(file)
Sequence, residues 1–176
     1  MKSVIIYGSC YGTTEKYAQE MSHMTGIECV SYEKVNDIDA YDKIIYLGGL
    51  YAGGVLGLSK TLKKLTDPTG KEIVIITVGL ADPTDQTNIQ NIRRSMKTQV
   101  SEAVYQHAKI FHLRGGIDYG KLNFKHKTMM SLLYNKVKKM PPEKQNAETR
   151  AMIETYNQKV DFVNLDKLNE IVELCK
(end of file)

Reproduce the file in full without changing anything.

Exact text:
Sequence, residues 1–176
     1  MKSVIIYGSC YGTTEKYAQE MSHMTGIECV SYEKVNDIDA YDKIIYLGGL
    51  YAGGVLGLSK TLKKLTDPTG KEIVIITVGL ADPTDQTNIQ NIRRSMKTQV
   101  SEAVYQHAKI FHLRGGIDYG KLNFKHKTMM SLLYNKVKKM PPEKQNAETR
   151  AMIETYNQKV DFVNLDKLNE IVELCK